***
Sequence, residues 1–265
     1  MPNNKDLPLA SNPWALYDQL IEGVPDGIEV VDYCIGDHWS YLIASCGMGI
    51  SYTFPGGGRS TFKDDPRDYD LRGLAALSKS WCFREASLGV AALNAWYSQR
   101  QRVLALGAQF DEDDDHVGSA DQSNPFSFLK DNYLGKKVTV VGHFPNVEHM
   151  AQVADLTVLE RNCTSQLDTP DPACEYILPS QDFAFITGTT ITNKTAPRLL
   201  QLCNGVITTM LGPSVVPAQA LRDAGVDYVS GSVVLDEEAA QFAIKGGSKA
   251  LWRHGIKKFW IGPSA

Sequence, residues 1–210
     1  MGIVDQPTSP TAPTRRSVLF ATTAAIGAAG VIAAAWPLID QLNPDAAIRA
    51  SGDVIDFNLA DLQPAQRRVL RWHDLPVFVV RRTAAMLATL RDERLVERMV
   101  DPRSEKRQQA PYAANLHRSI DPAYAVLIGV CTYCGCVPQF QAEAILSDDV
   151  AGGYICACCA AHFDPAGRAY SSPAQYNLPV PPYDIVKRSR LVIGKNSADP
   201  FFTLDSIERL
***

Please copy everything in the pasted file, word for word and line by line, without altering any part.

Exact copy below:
Sequence, residues 1–265
     1  MPNNKDLPLA SNPWALYDQL IEGVPDGIEV VDYCIGDHWS YLIASCGMGI
    51  SYTFPGGGRS TFKDDPRDYD LRGLAALSKS WCFREASLGV AALNAWYSQR
   101  QRVLALGAQF DEDDDHVGSA DQSNPFSFLK DNYLGKKVTV VGHFPNVEHM
   151  AQVADLTVLE RNCTSQLDTP DPACEYILPS QDFAFITGTT ITNKTAPRLL
   201  QLCNGVITTM LGPSVVPAQA LRDAGVDYVS GSVVLDEEAA QFAIKGGSKA
   251  LWRHGIKKFW IGPSA

Sequence, residues 1–210
     1  MGIVDQPTSP TAPTRRSVLF ATTAAIGAAG VIAAAWPLID QLNPDAAIRA
    51  SGDVIDFNLA DLQPAQRRVL RWHDLPVFVV RRTAAMLATL RDERLVERMV
   101  DPRSEKRQQA PYAANLHRSI DPAYAVLIGV CTYCGCVPQF QAEAILSDDV
   151  AGGYICACCA AHFDPAGRAY SSPAQYNLPV PPYDIVKRSR LVIGKNSADP
   201  FFTLDSIERL